Chronic wounds are usually vascular, diabetic or pressure wounds. Vascular wounds can be caused by venous stasis (incompetence of the valves within the veins leading to pooling of blood in tissues and breakdown of tissues) or peripheral vascular disease leading to decreased arterial blood flow and death of tissue. Diabetic ulcers are related to small vessel disease, decreased sensory input, hyperglycemia, and poor skin quality. Pressure ulcers are related to unrelieved pressure (for as little as 2 hours) on tissues leading to break-down, usually seen in paraplegics who have no sensation in the buttocks and thighs.
Normal wound healing is usually divided into four stages. An interruption of one or more stages causes a wound not to heal properly. The first stage is the coagulation stage in which platelets and the normal blood clotting cascade prevents excessive bleeding and provides the initial protection of the wound. The inflammatory phase leads to mobilization of white blood cells and macrophases and the activation of growth factors and dermal/epidermal cells. The third stage of wound healing is the proliferative phase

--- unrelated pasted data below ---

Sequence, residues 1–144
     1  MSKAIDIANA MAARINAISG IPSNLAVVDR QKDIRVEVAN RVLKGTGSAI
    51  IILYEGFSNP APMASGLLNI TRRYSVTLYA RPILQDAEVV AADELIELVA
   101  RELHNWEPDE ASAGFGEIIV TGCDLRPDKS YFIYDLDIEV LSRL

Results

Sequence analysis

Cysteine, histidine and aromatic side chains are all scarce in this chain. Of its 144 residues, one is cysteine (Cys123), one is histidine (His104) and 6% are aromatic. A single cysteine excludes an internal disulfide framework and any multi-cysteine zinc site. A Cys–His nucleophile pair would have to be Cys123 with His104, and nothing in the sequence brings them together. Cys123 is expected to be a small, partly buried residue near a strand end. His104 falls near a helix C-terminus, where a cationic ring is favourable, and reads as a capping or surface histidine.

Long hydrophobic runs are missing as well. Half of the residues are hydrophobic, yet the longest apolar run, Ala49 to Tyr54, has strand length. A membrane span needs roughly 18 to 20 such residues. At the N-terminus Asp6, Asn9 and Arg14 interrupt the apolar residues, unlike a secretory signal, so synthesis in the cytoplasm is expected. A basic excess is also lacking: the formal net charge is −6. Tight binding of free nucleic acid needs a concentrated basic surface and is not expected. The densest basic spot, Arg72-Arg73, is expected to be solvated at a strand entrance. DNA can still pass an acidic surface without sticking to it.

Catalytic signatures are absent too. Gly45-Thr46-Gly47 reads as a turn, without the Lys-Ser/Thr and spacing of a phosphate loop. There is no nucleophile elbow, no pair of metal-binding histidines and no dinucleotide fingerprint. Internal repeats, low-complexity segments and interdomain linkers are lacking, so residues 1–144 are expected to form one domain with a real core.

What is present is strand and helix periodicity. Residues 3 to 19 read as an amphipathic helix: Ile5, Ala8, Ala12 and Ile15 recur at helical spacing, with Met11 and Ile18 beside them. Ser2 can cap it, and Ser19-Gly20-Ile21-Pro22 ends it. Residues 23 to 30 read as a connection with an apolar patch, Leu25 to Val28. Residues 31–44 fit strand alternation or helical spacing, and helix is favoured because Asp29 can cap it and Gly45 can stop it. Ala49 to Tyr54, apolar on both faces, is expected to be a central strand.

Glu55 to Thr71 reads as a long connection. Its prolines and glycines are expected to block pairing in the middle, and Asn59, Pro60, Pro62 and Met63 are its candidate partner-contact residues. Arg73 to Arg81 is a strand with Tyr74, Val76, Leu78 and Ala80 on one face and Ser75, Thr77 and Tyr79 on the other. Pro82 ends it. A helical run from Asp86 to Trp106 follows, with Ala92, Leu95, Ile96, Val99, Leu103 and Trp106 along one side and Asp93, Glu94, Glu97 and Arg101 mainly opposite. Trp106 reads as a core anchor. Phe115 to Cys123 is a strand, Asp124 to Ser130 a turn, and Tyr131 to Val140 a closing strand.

with the formation of granulation tissue. The final stage is the remodeling phase with the formation of scar tissue that seals off the wound with a protective barrier.
Most chronic wounds that fail to heal are characterized by a prolonged inflammatory phase with associated infection. Steroids, a compromised immune system, and smoking may contribute to poor wound healing.
Debridement of non-viable tissues, controlling infection (with topical antiseptics and topical antibacterials and systemic antibiotics) and maintaining a moist envirnoment are important managment tools. Hyperbaric Oxygen Therapy is sometimes indicated to promote wound healing by adding supra-saturated oxygen concentrations into the arteries under increased pressure.